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Strategy Design Write-up: Bands on Autopilot Follow-up

Build Guide

Bailey Moses

Bailey Moses

Thu Aug 11 2022

4 min read

Strategy Design Write-up: Bands on Autopilot Follow-up

Bands on Autopilot Follow-up: Written as a response for Reddit

Wow, thank you to all of the people who gave me constructive feedback on my last post. Here are some of the main ideas people pointed out: Inclusion of long-term compiled data, what defines beating the market, and how trading fees effect the profits of the strategy. I have read through all of the comments and given some thought to these ideas and I will be addressing them in this post. Let's start off with a compilation of long-term data and defining what beating the market means. Also, for those unfamiliar, here is the strategy build in question:

r/plutocapital - Strategy Design Write-up: A second look at Bands on Autopilot

For my last post, I compared the performance of "Bands on Autopilot" to the performance of the S&P500 during the bear market of 2008 and the bull market of 2021. I also compared the strategy to the assets it was executed on, AAPL, AMZN, MSFT, and GOOGL. During both of these periods my strategy outperformed the S&P500 and the assets I traded on. People pointed out that there was some level of overfitting here, so I decided to compile backtesting results from 2008-July 25th 2022. Here are the results:

r/plutocapital - Strategy Design Write-up: A second look at Bands on Autopilot

During this period the strategy returned an incredible 350.86% while my benchmark (S&P500) returned 123.49%. The assets we traded on returned 395.95%. There are a few things to unpack here. Firstly, the risk undertaken by "Bands on Autopilot" was significantly lower than that of just holding these four stocks. Yes, I got outperformed by ~45% but my exposure to ~128% less potential losses has to be considered a win on some levels. Second, year over year this strategy was extremely consistent in terms of winning trades despite a lot of market volatility. This gives more certainty for the strategic outlook than just buying and holding. If the 4 assets I traded all lost money for the next 15 years, at least I know my strategy would consistently save me a ton of money during that period.

The next logical step is to test this strategy against some different assets. To select these assets I looked up the most popular stocks on reddit for 2022 (most of which probably came from wallstreetbets). Here are the top reddit stocks listed: TSLA, GME, AAPL, AMZN, AMD, WISH, TWTR, and AMC. I also decided to select five random stocks from five different sectors. The five stocks randomly selected were BA, CHTR, MCD, PG, and XOM. Here is a screenshot of my portfolio for the second round of testing:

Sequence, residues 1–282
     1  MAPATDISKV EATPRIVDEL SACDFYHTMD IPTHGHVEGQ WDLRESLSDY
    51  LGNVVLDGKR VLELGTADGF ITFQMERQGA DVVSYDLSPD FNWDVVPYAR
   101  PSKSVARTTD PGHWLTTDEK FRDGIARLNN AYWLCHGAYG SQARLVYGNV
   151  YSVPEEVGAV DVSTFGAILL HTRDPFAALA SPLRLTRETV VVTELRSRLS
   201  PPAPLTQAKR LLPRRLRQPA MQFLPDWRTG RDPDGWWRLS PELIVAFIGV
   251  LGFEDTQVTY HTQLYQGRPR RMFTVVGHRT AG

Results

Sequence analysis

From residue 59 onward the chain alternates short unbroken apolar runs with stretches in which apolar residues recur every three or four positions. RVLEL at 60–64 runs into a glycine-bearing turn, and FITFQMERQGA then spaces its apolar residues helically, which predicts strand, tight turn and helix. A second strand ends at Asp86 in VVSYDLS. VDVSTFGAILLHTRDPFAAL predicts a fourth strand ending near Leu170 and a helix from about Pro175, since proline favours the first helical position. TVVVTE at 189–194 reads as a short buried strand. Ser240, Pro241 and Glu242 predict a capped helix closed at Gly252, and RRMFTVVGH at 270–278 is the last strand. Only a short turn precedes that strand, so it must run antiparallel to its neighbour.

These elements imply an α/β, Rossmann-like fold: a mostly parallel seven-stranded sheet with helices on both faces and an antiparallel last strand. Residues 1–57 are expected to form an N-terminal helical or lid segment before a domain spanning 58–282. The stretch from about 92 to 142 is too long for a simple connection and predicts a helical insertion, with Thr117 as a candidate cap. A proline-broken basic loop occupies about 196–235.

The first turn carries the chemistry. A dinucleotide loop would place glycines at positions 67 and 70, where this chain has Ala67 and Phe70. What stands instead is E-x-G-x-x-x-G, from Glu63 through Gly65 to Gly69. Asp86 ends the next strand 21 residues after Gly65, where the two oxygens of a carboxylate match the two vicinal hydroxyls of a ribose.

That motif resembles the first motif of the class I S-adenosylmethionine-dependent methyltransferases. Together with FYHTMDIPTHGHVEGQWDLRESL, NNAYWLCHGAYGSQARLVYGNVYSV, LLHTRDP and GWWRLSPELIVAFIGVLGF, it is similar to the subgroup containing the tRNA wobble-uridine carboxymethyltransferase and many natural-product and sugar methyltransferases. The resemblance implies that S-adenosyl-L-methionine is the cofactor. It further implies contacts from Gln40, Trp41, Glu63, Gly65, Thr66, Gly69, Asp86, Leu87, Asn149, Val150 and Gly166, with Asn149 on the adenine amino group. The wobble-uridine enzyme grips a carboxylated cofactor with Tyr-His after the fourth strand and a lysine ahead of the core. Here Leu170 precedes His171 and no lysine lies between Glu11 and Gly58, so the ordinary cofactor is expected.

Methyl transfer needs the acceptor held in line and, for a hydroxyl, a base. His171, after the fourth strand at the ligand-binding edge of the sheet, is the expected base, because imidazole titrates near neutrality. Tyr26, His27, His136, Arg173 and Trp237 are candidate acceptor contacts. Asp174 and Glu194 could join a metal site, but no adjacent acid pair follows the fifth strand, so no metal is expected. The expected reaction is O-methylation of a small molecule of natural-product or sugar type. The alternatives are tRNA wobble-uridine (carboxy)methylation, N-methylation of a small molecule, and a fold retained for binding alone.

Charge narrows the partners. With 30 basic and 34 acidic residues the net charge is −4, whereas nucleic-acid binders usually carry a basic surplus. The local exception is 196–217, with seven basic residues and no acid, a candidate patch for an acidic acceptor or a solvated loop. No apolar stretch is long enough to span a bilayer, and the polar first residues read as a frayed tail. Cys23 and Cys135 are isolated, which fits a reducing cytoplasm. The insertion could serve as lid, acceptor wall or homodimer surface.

r/plutocapital - Strategy Design Write-up: A second look at Bands on Autopilot

Here is a 2008-July 25th 2022 breakdown of the results for this portfolio:

r/plutocapital - Strategy Design Write-up: A second look at Bands on Autopilot

During this period, "Bands on Autopilot" returned 357.98% while the benchmark returned 48.96%. The assets I traded on returned 439.73%. Compared to buying and holding the S&P500, this strategy absolutely rocks. However, buying and holding the assets in this portfolio would have yielded higher returns. These returns would come with a substantially higher risk potential of 455.02% compared to the strategies risk potential of 278.80%. Similar to the other breakdown, the percentage of overall winning trades was widely consistent. This consistency along with the risk mitigation shown instills confidence for future use of this strategy. It should be noted that in periods of heavy market losses, this strategy really shines. Anytime the S&P500 was negative on the year, the strategy was outperforming the assets it traded on by notable margins. It should also be noted that a large chunk of the asset performance came from the meme stock blow up.

Between both strategy breakdowns, the average trade return was typically somewhere between 0.05% and 0.20%. Due to many trading brokerages having fees for trading, scalping such low percentages would make this strategy unviable for long term use as you would lose more money from fees than you would make from the trades themselves. However, a brokerage that does not charge per trade, and only requires a set monthly payment for use would make this a possibility. For users who asked on the last post, slippage is accounted for within these backtests.

In conclusion, extended backtesting with multiple portfolio builds increased the frame of reference enough for me to identify the true strengths and weaknesses of this strategy. I am heading back to the drawing board to create a strategy that outperforms this one in more ways than one. Thank you to the users who respectfully critique these strategies builds and help myself and others improve. Peace! <3

Note: Bollinger bands have a standard deviation of 2 and this strategy is trading on the 1 hour time frame.

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